And it is very frustrating for Georgia.
She has lived in the flat for two years
and thought the offending water tank was no longer in use.
Both myself and Philippa were under that impression. So just didn't...
There was no way anyone could have seen it coming.
But she is just relieved she had a backup team when the crisis struck.
Very inconvenient, but between Philippa and my boyfriend,
it got resolved.
Nick thinks Philippa and Georgia had a very lucky escape.
It is all cosmetic. But I think long and short, they got away lightly.
For the amount of water coming through,
I think they have got away lightly.
It you light a fire when a chimney is blocked,
it could cause toxic fumes to come back into the house
and the whole chimney could catch alight.
And that is why Darcy Gilley in Glossop, Derbyshire,
has had to call in sweep Christine O'Keefe.
It is a blow for Darcy, who's looking forward to her first
winter in her new home with a roaring fire.
We're having the family to stay and we thought it would be a really nice
sort of thing to have the open fire, make things a little bit more homely.
But there is a major problem.
Generations of jackdaws have used her chimney as a home.
As this special camera shows,
it is blocked by a nest.
Lighting a fire could cause toxic fumes
or even a dangerous chimney fire.
It is fairly obvious if a chimney is blocked.
If birds are using your chimney, you will see and hear them.
And when you light a fire, the smoke will have nowhere to go
and come back into the room.
So it is a good idea to get the sweep
in at least every couple of years.
It can cause anything from £45 to £90,
depending on where you live.
The roosting birds may also have caused hidden damage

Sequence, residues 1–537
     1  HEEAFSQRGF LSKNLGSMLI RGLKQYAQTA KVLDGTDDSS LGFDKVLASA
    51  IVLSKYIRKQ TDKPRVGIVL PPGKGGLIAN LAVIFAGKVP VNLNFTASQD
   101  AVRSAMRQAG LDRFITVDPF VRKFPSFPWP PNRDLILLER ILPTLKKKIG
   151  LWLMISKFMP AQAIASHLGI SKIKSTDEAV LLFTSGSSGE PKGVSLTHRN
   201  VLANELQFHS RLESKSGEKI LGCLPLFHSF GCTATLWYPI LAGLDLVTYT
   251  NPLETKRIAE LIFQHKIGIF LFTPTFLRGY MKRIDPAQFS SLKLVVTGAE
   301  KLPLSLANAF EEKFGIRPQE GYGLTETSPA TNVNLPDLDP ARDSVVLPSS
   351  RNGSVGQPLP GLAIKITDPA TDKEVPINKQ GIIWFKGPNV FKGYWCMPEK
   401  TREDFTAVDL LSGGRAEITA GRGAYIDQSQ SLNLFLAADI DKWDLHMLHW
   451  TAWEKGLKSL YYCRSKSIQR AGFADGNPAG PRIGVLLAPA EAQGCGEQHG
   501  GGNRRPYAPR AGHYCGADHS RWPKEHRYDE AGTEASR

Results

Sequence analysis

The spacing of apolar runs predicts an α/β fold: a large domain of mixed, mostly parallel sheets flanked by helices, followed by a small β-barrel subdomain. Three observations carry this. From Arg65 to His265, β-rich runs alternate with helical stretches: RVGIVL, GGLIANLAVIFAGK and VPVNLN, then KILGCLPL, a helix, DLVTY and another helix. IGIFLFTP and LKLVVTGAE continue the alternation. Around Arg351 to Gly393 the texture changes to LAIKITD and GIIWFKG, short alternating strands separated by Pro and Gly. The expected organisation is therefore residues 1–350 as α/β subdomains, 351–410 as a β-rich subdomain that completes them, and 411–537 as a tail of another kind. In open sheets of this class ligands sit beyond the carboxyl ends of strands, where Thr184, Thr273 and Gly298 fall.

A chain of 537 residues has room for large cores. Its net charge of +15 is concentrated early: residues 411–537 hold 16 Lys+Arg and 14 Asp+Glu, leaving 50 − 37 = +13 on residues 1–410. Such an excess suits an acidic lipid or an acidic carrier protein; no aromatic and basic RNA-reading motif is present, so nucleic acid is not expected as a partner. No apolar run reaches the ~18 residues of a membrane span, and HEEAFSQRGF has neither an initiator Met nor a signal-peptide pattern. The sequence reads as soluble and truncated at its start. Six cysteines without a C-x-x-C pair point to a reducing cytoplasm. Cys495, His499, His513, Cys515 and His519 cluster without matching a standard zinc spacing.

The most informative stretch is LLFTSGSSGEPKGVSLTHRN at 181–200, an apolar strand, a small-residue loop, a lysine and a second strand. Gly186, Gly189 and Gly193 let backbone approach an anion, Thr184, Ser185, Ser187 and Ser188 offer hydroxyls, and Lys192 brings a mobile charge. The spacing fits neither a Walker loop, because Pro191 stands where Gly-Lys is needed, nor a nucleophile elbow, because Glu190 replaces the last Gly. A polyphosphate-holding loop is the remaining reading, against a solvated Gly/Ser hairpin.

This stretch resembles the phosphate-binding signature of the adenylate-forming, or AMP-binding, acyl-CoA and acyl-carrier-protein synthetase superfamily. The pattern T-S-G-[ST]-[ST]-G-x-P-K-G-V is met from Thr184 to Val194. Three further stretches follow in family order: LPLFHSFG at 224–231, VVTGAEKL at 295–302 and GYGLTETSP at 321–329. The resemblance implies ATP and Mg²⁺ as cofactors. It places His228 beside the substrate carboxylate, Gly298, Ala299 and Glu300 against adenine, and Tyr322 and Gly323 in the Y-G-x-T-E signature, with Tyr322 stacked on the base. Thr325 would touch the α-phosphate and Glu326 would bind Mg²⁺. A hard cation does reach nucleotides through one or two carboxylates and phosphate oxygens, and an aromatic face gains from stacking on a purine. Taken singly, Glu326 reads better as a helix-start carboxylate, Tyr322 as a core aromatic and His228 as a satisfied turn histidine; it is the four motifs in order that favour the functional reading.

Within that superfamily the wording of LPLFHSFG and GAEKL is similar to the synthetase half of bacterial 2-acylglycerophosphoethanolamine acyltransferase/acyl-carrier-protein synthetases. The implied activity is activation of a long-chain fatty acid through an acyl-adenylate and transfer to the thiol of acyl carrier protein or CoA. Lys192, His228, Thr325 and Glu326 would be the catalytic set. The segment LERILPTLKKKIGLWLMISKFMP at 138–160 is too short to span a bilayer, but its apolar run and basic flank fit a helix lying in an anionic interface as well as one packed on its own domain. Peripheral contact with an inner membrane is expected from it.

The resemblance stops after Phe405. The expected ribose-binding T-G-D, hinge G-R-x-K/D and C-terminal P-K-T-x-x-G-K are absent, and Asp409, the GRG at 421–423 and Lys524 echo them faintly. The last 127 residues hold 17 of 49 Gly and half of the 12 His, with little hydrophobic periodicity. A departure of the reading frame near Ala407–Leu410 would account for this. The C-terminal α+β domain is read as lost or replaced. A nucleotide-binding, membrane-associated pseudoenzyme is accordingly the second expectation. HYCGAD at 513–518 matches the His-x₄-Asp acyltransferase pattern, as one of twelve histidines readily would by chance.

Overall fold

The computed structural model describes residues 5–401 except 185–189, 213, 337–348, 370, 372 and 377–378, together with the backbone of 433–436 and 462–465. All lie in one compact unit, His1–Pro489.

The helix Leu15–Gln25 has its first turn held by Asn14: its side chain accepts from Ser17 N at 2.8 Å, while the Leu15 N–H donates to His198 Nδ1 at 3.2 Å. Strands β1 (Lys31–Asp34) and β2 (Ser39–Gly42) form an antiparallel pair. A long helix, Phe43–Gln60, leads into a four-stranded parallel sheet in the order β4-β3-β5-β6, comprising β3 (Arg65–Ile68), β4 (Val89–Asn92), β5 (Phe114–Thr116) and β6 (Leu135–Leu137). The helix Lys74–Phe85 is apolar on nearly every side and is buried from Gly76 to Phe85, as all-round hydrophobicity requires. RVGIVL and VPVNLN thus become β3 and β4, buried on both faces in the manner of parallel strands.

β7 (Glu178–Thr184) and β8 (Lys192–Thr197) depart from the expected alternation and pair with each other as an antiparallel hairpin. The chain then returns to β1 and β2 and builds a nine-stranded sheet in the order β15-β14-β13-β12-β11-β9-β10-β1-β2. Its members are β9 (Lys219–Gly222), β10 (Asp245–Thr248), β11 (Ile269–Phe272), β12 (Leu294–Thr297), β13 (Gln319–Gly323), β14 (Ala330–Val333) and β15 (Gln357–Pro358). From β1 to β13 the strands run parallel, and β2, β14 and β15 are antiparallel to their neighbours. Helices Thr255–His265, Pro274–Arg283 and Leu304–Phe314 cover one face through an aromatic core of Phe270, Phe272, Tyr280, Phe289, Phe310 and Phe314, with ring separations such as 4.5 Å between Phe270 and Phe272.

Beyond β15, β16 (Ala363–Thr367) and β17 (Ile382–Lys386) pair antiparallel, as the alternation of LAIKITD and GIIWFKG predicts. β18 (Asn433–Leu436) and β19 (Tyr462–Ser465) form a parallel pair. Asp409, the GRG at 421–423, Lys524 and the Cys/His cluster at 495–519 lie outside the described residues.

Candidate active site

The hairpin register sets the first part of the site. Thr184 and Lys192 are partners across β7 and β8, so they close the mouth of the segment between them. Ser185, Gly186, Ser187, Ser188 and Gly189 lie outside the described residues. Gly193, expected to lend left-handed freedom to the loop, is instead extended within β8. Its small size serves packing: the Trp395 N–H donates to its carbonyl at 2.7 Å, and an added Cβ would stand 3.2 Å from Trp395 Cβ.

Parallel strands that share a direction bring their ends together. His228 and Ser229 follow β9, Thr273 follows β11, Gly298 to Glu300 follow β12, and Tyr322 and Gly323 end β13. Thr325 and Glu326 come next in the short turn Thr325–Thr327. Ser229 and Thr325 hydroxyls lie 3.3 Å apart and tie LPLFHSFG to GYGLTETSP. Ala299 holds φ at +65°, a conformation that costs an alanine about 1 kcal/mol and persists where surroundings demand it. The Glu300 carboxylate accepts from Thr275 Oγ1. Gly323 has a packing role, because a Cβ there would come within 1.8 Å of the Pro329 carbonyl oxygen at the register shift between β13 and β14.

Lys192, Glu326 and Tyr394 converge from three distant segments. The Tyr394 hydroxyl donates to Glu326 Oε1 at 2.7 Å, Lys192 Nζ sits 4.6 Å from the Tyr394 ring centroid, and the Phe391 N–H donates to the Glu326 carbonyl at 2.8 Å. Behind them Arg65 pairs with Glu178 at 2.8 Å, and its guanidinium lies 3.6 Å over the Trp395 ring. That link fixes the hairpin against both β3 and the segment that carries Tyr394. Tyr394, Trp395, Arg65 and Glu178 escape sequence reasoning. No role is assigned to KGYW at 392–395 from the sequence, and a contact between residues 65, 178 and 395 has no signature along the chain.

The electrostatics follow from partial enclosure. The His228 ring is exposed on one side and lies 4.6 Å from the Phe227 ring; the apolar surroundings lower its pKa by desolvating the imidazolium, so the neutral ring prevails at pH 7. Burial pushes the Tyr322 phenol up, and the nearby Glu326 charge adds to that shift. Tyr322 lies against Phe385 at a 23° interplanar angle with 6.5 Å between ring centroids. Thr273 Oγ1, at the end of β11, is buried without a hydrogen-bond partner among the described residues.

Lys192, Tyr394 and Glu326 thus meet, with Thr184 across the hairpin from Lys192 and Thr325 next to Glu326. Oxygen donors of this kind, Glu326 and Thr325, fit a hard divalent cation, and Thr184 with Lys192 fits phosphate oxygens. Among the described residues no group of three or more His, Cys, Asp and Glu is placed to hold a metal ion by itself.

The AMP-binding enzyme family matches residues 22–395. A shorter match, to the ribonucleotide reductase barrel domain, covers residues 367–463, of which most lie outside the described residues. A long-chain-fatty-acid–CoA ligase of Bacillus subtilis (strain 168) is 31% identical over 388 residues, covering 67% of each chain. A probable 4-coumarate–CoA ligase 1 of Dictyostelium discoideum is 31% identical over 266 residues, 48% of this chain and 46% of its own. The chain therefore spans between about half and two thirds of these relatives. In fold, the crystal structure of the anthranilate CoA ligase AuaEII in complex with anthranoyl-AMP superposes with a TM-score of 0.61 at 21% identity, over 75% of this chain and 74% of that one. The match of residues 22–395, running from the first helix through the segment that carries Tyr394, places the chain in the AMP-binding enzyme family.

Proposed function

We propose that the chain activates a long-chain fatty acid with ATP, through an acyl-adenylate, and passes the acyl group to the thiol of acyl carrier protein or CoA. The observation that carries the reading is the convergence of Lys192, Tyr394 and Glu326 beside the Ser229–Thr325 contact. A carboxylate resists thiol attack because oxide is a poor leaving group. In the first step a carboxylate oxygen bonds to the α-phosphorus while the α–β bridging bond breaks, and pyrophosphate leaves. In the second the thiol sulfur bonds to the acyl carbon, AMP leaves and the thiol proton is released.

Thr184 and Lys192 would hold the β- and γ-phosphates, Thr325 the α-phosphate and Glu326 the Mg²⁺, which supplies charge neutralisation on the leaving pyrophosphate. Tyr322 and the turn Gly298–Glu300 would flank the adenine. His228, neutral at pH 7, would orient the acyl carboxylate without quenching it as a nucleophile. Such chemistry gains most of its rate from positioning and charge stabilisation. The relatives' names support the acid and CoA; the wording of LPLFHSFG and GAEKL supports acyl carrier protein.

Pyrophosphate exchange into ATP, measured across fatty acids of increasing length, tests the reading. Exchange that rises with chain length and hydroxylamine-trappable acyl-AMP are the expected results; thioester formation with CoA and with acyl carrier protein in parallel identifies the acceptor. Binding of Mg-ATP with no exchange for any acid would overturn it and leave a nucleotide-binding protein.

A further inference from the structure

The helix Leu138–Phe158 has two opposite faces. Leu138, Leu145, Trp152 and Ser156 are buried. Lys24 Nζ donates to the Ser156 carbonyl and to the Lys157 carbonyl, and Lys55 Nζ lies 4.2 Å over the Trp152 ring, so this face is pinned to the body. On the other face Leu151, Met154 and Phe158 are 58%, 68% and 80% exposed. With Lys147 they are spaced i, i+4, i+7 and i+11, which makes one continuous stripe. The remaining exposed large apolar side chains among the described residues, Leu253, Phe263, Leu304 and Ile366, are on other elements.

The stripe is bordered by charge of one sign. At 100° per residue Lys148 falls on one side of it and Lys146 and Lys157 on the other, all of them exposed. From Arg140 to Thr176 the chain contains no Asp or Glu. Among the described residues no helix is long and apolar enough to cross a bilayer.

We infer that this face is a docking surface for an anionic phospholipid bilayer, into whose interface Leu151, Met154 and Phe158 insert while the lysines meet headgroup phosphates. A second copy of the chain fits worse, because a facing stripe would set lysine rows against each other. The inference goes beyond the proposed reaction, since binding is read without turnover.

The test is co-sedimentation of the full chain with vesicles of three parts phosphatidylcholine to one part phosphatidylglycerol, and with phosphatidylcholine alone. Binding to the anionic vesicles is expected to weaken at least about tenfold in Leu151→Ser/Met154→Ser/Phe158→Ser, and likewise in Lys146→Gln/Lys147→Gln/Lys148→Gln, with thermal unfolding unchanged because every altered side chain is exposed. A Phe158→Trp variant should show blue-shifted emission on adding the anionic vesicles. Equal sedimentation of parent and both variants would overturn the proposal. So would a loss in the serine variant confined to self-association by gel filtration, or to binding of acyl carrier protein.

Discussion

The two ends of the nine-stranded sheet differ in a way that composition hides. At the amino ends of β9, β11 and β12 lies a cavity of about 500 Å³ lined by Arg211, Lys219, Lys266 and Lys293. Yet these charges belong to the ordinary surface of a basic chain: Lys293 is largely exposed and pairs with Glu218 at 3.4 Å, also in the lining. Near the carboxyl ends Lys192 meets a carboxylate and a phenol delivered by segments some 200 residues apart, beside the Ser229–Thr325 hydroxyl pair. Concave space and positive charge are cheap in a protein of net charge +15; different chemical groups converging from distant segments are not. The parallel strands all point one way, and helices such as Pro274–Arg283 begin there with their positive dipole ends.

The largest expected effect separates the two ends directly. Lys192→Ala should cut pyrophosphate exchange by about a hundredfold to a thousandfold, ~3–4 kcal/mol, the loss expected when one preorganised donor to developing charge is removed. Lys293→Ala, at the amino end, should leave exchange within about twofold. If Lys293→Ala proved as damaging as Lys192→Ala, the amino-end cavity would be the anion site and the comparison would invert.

inside the flue,
but until they are evicted, there is no way of knowing.
It is Christine's job to find out.
We did look up the chimney.
I could reach up and touch the nest, so I reckon we've probably had about
25 years of jackdaws putting sort of rubbish and bits down the chimney.
Sweep Christine arrives ready to tackle the job.
There is a massive nest up there.
Hopefully, we will get the offending item out today.
-Hi, Darcy, you all right?
-Yeah. Come on in.
It's going to be mucky, but Christine's come prepared.
Right, what I intend to do is I'll sheet out the entire room,
like we discussed,
then I'll use my rods and brushes to try and pull the nest down in bits.
Christine needs to make sure the mess from the chimney doesn't
go all over the house.
Then she needs to employ her tools.
The easiest way of getting a nest out is to first send
a very small brush up.
And then start pulling it down in sections.
And then this larger brush basically goes up
and makes sure that everything is then pulled down and through.
It's all in a day's work for the sweep,
but for Darcy, it's a nerve-racking experience.
It's actually my first chimney ever in a house,
so this is all quite new and exciting.
But with roosting jackdaws, you can never count your chickens.
And Darcy is worried about possible complications.
One of the things we still don't know is even when Christine gets
the nest out, are we still going to be able to use the fireplace?
So, she's explained to me that we've actually maybe got a bigger problem.
Getting the chimney swept is the first stage.
The camera up the flue shows how badly blocked it is.
The nest means smoke can't escape,
which could cause a build-up of poisonous carbon monoxide fumes.
When the nest is gone,
there could still be loose masonry or damage to the flue.
Christine is about to find out. But first, she needs to kit up.
Soot is quite nasty stuff. It is actually carcinogenic.
And long exposure to it won't do me any good whatsoever.
And it can actually absorb through the skin,
so I always wear a jacket to keep covered up.